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  • Writer's pictureStephen Callaghan

A forgotten Casualty of the 3rd Leinsters - Private John Moran

Updated: Mar 23

Memorial to the 3rd Leinsters in Birr Military Cemetery

In the military cemetery located in Crinkill, just outside Birr, there is a memorial commemorating the death casualties of the 3rd (militia) Battalion, Leinster Regiment. The memorial had originally been placed outside the garrison church in 1905, and was subsequently moved to the military cemetery in the years following the burning of the barracks.


The text on the main panel of the memorial states that it commemorates the men of the 3rd battalion, who died during their embodiment between 18 January 1900 and 26 May 1902. The militia had volunteered for service and sent a long two years in South Africa, fighting boredom and the harsh climate in addition to the enemy.


Looking through the various names, we see the names of men like Privates Flanagan and Keats, two Birr men who had died at sea on the voyage over and were buried at sea, and Private Devery from Ferbane who died from being shot in the stomach during a long distanced engagement. However one name we do not see on the memorial is John Moran. Who was John though, and why should be on the memorial?


Details on John are very scant; he was born in County Kerry around 1861. He had probably joined the 4th (Militia) Battalion, Royal Munster Fusiliers, and was transferred to the 3rd (militia) Battalion, Leinster Regiment in the late 1890s. A number of men from the Munsters had transferred to the Leinsters during this period. This was possibly done to increase the numbers of the unit, as they had been under strength. A later recruitment drive would bolster the militia’s numbers to over 800.


When the battalion volunteered for active service, Private Moran was one of the men bound for war in South Africa. The 3rd Leinsters departed from Queenstown (present day Cobh), County Cork aboard the Kildonan Castle for South Africa on 6 March, however Private Moran had been too ill and had been sent to the station hospital in Queenstown where he died on 16 March 1900, as a result of bronchitis. His obituary appeared in The Leinster Reporter on 21 April 1900.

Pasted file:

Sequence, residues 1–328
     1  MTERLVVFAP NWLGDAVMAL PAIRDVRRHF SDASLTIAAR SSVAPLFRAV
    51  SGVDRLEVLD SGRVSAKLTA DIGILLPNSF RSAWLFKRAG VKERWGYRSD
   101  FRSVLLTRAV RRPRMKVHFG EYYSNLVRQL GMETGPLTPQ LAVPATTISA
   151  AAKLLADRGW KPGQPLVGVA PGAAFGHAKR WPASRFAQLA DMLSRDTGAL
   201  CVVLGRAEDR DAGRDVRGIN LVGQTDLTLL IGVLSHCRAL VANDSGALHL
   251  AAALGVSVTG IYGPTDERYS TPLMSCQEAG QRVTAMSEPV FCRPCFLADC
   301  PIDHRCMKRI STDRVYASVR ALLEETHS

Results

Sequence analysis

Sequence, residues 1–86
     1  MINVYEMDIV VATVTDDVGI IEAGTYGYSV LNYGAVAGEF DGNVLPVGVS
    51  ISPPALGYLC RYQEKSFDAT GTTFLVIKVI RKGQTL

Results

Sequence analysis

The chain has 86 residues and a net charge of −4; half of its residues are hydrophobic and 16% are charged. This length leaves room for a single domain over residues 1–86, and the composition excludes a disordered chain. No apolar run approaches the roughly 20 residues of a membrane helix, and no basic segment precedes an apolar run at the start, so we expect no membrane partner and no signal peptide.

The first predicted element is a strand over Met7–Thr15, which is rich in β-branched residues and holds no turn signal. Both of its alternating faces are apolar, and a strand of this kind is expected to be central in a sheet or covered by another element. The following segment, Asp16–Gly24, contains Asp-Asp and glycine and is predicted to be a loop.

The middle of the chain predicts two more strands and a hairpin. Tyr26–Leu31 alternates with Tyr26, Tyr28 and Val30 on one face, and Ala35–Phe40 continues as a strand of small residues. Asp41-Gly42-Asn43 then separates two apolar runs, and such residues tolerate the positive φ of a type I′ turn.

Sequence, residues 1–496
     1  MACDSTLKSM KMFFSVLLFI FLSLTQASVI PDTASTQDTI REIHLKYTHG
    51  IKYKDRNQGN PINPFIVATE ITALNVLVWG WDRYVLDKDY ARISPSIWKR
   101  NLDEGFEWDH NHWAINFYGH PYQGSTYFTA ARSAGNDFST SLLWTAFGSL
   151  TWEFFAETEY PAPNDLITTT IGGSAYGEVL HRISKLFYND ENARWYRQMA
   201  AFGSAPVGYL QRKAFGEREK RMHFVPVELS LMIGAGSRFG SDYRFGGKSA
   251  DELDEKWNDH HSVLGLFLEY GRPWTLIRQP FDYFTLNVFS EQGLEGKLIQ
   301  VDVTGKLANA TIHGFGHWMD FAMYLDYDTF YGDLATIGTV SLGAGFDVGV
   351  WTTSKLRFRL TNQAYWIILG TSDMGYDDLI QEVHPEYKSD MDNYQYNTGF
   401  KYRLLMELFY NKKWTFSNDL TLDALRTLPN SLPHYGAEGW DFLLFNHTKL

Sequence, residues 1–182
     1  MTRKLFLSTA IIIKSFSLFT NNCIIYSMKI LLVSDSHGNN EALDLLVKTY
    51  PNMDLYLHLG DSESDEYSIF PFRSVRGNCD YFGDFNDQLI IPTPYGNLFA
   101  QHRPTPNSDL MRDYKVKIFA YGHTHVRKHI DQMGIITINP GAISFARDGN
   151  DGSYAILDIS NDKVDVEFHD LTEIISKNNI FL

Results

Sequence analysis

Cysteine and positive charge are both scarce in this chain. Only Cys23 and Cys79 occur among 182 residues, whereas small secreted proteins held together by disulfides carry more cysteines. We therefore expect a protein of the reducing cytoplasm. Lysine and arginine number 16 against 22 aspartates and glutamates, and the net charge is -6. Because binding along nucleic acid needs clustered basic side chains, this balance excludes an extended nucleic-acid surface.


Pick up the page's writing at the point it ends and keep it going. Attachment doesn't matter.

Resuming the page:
“In Queenstown, to which he was sent from the “Kildonan Castle” transport, on the way with his battalion to the seat of war, Mr James Moran, 3rd Leinsters. The deceased became ill after mobilisation ; and owing to its serious nature after leaving England, he was removed to the hospital, where he died. Much regretted”.


While recorded as James in the newspaper, John is how his name is recorded on his death certificate. Private Moran was interred in Queenstown Old Cemetery on 19 March (the cemetery register gives his date of date as 17 March, and cause of death as scarlet fever).


Unfortunately, Private Moran’s named was missed when names were being complied for the memorial. While much of his life remains a mystery, he can gain some recognition with this post which marks 124 years since he died.

Private Moran's unmarked burial plot - image thanks to Alan O'Connor


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1 comentário

18 de mar.

Good for you for remembering him! RIP John

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